Monday, April 09, 2012


More thoughts upon seeing Cat On a Hot Tin Roof

In the 1958 film version of Cat  Elizabeth Taylor gives a sharp performance as Maggie the Cat, Paul Newman portrays an anguished Brick, and Burl Ives is the wise, omnipotent, and fatally vulnerable Big Daddy.

Film censorship in the 50s cut the dialog between Big Daddy and Brick considerably, taking me back to the script that Joe gave me in 2010. Some things have changed greatly since  Tennessee Williams wrote this play; some things have not. The play is clearly about the lies we tell each other and, more importantly, the lies we tell ourselves. Williams exposes as well the gulf between those who are selfish and incapable of love, and those for whom love is essential, not only love for others, but love of life. One irony of the play is the sterility of Gooper and Mae despite all their children, and the potent fertility of Maggie despite being childless.

What interests me, as always, is the philosophical presentation of Eros and Thanatos, love and death. Brick is unable until the end of the play to love Maggie, again ironically, because he failed to love Skipper. He refuses to confront the truth of their love for each other until the key scenes between his father and himself. Big Daddy turns out to be more tolerant and understanding of homosexual love than Brick, who experienced it and ran from it, leaving Skipper to commit suicide. Only by confronting his own homophobia, by acknowledging the true nature of the love that existed between himself and his friend, can Brick finally forgive himself and accept the relationship he has with his wife.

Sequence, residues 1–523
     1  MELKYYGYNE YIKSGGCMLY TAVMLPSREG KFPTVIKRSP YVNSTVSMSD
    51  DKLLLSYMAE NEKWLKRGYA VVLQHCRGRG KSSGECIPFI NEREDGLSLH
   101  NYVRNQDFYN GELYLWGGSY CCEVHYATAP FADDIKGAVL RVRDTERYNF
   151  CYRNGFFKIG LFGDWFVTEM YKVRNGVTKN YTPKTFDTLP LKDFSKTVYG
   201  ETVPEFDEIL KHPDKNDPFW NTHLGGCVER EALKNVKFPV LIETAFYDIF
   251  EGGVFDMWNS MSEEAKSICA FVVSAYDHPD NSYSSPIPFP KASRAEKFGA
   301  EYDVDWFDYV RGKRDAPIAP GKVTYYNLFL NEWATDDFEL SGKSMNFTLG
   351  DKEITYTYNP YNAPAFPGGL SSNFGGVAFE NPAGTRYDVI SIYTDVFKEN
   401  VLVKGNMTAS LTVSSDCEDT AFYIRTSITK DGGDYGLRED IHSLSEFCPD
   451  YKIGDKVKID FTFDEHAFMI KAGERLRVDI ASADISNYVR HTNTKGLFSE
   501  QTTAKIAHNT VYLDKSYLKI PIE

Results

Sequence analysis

The final irony of the play is that Big Daddy can live fully only by accepting his approaching death. In the dialogs with Brick he sees his own mistakes, he turns from the material wealth he has to the wealth of humanity around him, the love of his son, the loyalty of his servants and workers, appreciation for the value of the final days of his life. 

The play may be dated, and the film  inhibited, but the themes it explores are not. We are still influenced by the vast mendacity that surrounds us in the shallow mores of society, the hypocrisy of religion, and the materialism of many around us, often including our families. Conformity is as difficult as ever to escape, no less for those of us who are creative and artistic than those who are athletes and jocks like Brick. Originality and authenticity are mere words to most of us; achieving them requires us to risk being "Beaten down dark stairs" by people in authority, by those who are quick to judge by codes of conduct-- and worst of all by those we love and trust.

Whenever I see a play of this caliber, or see a profound film, or read a good novel, or  listen to certain songs and music, I wonder if it is possible that people experience such art without effect. My identity, my values, whatever authenticity I have, all grow and evolve thanks to the art and philosophy I encounter. What good is any art or philosophy that doesn't shape the way we live and the choices we make?


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